Support processes typically provide value for internal, rather than external, customers. These types of processes are often automated using a department-specific software solution, such as an HRIS, accounting software, or ITSM. 

Examples of support processes include

  • HR processes
  • Finance processes 
  • IT processes

Long-tail processes

Long-tail processes are the processes that fill in the gaps between defined processes or apps, or processes that address needs not met by the components of the existing stack. For example, a CRM may be able to automate the sales pipeline stages, but lack the capacity to automate the onboarding process or data entry between apps that aren’t integrated.

Other examples include finance software that doesn’t offer an automation solution for vendor approval, or an HRIS that doesn’t offer a solution for automating new hire requests. Request management processes often quality as long-tails, since they need to be customized and change often. 

Every process type — core, support, and long-tail — can be automated with the use of low-code business process automation software. 

Business process examples & use cases

BPA can be applied to any type of process in any department. This degree of flexibility makes BPA ideal for orchestrating business processes throughout the enterprise. Here are some department-specific use cases for BPA:

Finance

Finance team uses for BPA include automatically routing incoming items (such as reimbursements or purchase approvals), speeding up credit approvals, and standardizing processes to make it easier to enforce security and compliance requirements. Common finance processes that benefit from BPA include purchase/procurement, accounts receivable, and expense reimbursement.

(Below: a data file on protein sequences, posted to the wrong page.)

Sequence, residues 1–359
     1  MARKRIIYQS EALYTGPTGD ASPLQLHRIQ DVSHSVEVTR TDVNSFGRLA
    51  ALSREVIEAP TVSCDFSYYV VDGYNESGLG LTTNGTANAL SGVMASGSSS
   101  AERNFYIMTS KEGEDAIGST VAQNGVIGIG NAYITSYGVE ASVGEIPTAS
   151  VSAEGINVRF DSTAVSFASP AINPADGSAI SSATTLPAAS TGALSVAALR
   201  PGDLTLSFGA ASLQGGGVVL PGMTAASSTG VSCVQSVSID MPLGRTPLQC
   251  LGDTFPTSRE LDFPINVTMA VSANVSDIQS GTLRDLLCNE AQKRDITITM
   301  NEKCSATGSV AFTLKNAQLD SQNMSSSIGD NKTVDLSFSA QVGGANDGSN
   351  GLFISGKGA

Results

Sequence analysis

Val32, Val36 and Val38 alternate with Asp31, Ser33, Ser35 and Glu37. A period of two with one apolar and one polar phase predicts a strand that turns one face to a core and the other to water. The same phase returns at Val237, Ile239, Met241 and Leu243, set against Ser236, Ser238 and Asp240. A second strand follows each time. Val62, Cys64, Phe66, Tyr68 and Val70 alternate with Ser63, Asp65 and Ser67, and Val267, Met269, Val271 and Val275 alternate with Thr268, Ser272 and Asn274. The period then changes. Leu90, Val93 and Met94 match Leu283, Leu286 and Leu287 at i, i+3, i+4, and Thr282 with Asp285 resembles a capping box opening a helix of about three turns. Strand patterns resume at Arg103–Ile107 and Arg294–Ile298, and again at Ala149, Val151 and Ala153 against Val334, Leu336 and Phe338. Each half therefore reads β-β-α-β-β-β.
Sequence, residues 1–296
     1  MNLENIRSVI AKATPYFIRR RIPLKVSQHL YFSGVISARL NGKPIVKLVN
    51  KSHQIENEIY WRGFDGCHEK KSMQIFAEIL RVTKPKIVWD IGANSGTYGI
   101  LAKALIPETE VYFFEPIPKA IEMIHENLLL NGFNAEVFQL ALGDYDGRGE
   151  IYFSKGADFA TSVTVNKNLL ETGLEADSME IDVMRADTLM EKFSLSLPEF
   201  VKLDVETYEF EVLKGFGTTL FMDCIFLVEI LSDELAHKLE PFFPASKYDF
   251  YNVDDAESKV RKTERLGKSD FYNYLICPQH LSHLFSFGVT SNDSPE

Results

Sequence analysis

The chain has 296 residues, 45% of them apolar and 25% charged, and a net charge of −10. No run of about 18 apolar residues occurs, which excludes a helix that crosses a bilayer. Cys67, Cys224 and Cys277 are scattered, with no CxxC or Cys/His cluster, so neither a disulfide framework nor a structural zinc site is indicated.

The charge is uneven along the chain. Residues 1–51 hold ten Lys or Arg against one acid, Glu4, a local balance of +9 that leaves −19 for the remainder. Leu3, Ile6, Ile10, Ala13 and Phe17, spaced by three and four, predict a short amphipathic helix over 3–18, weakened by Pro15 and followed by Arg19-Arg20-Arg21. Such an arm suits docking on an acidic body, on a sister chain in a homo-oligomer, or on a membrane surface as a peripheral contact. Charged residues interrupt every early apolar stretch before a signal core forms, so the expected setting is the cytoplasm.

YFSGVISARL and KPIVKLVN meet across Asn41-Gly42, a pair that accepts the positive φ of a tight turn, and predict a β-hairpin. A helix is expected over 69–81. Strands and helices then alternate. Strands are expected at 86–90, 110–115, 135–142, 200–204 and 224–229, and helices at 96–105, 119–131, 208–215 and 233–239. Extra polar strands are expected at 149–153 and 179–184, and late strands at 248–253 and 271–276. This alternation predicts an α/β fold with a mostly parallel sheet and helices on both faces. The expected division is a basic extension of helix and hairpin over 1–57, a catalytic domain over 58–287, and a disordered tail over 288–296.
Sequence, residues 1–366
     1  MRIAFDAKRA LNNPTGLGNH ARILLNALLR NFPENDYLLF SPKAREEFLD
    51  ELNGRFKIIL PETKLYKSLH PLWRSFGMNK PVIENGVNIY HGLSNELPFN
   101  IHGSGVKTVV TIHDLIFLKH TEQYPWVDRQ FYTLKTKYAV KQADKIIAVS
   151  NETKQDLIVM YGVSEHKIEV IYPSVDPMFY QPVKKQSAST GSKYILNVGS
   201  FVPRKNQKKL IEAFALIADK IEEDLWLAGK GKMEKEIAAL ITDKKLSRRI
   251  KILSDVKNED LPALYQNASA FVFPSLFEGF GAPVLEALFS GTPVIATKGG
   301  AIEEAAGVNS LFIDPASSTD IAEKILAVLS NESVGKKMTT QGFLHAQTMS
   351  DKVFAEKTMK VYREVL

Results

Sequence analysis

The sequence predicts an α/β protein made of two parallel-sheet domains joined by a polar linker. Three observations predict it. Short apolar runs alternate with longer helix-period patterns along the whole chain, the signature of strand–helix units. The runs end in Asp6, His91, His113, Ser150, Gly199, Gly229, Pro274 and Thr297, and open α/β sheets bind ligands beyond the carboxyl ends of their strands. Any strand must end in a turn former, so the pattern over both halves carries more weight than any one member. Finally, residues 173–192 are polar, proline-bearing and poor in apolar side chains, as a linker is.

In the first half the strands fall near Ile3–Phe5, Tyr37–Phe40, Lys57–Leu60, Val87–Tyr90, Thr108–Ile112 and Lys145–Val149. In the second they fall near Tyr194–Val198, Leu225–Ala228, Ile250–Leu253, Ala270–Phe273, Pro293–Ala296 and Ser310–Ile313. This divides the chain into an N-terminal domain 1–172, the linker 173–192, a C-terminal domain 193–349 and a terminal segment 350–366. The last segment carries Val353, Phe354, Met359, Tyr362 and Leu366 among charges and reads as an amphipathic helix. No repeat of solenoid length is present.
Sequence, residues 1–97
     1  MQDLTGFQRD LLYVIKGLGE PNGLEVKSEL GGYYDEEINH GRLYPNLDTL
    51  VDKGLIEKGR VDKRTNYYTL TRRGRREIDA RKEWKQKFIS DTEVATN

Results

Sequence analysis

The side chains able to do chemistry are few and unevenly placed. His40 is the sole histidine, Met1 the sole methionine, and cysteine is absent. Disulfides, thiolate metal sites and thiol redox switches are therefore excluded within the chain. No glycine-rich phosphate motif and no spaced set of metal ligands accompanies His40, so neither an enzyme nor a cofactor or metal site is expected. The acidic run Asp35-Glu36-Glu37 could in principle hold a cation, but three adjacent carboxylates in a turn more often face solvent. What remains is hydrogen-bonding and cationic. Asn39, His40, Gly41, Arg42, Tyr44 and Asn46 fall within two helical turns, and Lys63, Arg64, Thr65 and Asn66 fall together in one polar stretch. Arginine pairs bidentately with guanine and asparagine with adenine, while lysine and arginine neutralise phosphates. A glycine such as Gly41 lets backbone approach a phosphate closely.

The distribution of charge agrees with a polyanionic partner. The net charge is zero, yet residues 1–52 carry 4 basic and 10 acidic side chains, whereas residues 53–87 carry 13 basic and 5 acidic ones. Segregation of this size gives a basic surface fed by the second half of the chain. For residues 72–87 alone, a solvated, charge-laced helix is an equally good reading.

See how Samsonite integrated BPA with their legacy ERP to standardize purchase processes and ensure that tax, legal, and internal requirements are being met.

Sales & Marketing

BPA accelerates revenue by creating more efficient processes for both marketing and sales teams. It reduces time spent fulfilling marketing requests and shortens the customer onboarding process. BPA also integrates with existing CRMs to create sales automation, fill process gaps and dissolve data silos.

When an enterprise CRM isn’t present, BPA can be used to create a low-code CRM alternative, or it can be used to build and manage sales pipeline stages.

See how finance startup Vindi used BPA to reduce new customer onboarding time by 73% (from 120 to 33 days) and reduce their accreditation process lead time by 50% (from 6 to 3 days).

HR/People Ops

Creating seamless user experiences throughout the candidate-employee lifecycle is one of the primary goals of any HR team. BPA supports these efforts by reducing time-to-hire and the length of the employee onboarding process, and by integrating with multiple HR apps and systems. HR automation optimizes common processes such as recruiting, onboarding, and employee request management.

See how CNH integrated more than 15 disparate HR systems in order improve employee experiences and save 2200 working hours per year.

See how low-code automation amplifies business agility without adding to the IT backlogRead the report

How is BPA different from RPA?

Business process automation is sometimes confused with robotic process automation, but there are important differences between the two tools.